Unravel: Please tell us about the top five companies in the pharma/healthcare industry. What sets them apart from their peers?
Mr Yu: The top five pharmaceutical companies are Roche, Pfizer, AstraZeneca, Bristol Myers Squibb and Novartis. What separates these leaders from the rest is that they see purpose as being at the centre of growth. They reinvest a greater percentage of their revenue back into research and development instead of allocating funds to marketing or public relations campaigns aimed at increasing sales numbers by generating demand. By not spending more money than necessary on advertisement or administrative tasks such as lawyers and human resources, they direct most of their resources towards running laboratories which is where many new medical breakthroughs occur.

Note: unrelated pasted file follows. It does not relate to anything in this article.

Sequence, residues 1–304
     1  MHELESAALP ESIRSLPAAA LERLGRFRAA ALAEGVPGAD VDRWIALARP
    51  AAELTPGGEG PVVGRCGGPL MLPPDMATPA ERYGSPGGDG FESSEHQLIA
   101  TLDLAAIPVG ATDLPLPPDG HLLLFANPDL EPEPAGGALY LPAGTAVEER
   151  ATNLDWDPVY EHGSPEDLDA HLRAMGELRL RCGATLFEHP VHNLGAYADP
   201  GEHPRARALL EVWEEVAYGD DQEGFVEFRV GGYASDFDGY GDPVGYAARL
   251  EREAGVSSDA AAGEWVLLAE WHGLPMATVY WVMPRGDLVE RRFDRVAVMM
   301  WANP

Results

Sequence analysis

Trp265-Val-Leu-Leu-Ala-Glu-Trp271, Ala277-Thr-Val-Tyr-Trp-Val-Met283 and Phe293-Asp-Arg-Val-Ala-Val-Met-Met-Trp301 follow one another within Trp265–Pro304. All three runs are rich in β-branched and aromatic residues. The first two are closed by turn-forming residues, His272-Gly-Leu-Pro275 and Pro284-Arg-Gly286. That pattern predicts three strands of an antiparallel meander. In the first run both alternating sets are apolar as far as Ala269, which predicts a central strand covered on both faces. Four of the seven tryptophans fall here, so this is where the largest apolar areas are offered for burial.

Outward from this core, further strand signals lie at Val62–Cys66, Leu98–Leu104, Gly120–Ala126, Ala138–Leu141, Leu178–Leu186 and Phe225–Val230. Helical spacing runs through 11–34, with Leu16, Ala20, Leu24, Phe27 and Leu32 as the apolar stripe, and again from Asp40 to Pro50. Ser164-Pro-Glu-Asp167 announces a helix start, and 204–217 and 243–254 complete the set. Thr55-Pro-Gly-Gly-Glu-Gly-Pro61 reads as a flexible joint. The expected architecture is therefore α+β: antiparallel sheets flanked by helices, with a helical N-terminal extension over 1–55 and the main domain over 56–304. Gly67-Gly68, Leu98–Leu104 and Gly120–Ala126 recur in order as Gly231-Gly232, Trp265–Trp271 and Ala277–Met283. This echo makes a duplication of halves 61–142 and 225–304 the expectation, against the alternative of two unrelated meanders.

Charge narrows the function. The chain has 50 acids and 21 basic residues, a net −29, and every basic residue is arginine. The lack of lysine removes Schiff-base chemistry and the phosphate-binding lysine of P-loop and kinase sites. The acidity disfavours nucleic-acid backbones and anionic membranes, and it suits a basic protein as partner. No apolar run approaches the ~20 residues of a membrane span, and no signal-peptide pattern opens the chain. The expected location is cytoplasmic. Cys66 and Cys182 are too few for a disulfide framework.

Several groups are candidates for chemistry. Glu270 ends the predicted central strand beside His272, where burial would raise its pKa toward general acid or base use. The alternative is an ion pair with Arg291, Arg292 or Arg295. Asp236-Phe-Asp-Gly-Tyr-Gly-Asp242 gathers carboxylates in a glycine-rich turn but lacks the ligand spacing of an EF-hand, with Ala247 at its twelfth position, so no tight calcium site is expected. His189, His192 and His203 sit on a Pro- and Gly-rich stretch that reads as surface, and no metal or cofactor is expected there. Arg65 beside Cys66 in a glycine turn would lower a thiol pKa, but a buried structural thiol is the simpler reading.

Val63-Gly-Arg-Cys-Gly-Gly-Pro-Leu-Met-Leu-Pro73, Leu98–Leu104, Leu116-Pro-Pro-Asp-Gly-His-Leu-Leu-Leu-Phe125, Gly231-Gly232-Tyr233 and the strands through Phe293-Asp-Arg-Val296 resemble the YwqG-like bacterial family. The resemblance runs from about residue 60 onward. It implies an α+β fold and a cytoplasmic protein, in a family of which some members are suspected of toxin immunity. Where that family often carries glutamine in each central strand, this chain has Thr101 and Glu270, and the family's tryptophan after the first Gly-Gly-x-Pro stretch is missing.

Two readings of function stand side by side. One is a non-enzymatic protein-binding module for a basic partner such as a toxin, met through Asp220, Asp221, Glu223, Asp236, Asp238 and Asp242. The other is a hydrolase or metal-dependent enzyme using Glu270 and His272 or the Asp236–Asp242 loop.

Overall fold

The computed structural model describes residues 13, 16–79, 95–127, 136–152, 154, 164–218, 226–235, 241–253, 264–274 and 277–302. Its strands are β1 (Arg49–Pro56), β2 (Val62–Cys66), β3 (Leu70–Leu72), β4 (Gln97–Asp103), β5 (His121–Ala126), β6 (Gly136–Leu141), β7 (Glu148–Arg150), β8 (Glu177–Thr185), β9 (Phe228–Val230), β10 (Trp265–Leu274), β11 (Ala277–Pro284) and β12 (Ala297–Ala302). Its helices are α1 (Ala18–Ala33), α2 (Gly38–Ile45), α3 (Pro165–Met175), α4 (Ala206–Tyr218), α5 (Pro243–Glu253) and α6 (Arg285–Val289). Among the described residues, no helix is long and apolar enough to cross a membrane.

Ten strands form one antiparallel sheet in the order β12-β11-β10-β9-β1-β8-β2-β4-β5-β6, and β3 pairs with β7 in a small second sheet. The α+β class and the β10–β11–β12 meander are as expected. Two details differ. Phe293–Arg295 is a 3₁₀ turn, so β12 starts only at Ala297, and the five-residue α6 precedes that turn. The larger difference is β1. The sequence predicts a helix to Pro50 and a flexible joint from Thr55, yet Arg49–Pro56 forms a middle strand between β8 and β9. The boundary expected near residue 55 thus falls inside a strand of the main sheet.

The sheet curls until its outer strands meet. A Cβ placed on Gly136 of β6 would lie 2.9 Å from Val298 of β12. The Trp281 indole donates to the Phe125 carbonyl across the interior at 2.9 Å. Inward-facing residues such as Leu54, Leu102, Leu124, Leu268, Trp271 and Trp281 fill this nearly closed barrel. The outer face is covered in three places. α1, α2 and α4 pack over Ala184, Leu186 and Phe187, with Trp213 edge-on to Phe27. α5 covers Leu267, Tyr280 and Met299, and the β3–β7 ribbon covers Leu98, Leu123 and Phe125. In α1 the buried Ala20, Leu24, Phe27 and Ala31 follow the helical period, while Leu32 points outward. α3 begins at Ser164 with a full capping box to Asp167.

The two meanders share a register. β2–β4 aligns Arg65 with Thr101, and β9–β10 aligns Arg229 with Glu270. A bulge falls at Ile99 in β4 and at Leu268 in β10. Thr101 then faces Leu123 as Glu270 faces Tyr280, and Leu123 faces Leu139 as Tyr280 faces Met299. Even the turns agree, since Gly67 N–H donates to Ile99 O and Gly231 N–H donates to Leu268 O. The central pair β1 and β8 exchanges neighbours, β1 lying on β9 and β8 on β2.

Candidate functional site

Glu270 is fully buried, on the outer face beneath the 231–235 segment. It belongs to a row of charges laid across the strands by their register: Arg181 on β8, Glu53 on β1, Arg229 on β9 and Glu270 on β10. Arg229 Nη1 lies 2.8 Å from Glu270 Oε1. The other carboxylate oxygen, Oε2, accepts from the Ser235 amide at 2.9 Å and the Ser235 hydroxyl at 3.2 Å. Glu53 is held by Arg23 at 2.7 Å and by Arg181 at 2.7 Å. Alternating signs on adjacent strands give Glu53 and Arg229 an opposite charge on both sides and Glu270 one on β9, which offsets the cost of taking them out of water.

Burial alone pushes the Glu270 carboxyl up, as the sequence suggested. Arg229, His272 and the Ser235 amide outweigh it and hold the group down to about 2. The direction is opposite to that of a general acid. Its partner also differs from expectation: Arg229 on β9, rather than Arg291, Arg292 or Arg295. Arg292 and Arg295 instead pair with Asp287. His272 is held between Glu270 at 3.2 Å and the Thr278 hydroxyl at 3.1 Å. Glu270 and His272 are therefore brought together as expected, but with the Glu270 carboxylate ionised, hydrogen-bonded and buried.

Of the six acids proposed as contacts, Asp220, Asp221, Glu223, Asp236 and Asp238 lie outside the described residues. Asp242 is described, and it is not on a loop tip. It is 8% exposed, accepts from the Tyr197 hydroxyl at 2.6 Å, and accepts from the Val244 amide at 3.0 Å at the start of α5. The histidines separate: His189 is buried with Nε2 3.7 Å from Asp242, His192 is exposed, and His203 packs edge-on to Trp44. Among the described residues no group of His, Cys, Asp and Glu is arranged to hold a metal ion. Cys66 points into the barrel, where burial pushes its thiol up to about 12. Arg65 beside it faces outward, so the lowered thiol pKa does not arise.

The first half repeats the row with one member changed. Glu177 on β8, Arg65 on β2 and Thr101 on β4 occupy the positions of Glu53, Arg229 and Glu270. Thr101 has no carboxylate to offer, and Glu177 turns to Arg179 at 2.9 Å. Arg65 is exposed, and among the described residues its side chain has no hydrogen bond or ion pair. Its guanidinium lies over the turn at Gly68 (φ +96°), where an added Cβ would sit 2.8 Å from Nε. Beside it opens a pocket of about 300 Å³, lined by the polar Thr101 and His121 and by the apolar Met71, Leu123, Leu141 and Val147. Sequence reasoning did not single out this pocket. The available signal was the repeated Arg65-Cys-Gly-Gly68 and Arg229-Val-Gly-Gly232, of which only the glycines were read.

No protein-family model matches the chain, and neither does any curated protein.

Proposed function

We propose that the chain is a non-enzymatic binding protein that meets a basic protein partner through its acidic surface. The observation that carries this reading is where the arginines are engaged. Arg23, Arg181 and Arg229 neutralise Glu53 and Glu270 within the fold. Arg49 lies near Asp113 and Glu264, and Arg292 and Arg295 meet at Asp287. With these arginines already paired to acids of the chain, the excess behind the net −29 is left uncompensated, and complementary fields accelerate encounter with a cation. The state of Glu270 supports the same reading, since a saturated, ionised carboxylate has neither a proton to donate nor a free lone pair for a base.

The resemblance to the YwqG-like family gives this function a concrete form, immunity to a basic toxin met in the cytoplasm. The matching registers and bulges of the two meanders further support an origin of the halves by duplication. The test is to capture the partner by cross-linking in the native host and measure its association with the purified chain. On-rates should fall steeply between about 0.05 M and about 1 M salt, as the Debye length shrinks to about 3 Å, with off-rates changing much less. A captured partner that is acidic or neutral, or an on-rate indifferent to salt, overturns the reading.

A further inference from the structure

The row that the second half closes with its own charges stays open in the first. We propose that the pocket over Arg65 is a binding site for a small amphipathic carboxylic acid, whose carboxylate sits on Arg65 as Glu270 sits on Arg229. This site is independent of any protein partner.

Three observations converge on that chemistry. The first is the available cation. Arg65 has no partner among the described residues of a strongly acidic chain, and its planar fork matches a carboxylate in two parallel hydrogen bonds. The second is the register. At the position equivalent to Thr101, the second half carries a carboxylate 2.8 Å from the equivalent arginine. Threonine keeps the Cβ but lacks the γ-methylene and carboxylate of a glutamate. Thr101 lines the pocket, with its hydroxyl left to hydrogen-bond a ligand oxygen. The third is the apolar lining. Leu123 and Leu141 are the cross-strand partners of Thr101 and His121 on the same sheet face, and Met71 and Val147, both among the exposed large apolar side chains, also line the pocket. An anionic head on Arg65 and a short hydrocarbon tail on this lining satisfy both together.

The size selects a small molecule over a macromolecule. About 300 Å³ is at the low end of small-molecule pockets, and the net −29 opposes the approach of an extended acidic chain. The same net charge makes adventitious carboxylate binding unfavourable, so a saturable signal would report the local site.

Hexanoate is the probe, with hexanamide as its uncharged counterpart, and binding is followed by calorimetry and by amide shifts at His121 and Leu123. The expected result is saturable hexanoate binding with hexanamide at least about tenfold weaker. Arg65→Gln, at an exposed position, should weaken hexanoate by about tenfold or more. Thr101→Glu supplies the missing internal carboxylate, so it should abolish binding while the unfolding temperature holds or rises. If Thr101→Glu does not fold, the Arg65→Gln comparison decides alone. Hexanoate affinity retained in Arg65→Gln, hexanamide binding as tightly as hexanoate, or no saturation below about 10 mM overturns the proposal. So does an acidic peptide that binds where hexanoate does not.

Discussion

They tend to have a stronger drug pipeline as a result, with more candidates being scheduled for clinical trials – especially those in the advanced stages. This allows them to expand into more therapeutic areas, and by having a broad portfolio they are essentially diversifying their risks.
Unravel: How have Asian companies fared in this year’s rankings?
Mr Yu: Asian companies, particularly in the tech industry, have a history of being leaders in manufacturing. A well-known example is TSMC – a Taiwanese semiconductor company that has seen consistent growth as a result of the chips shortage crisis.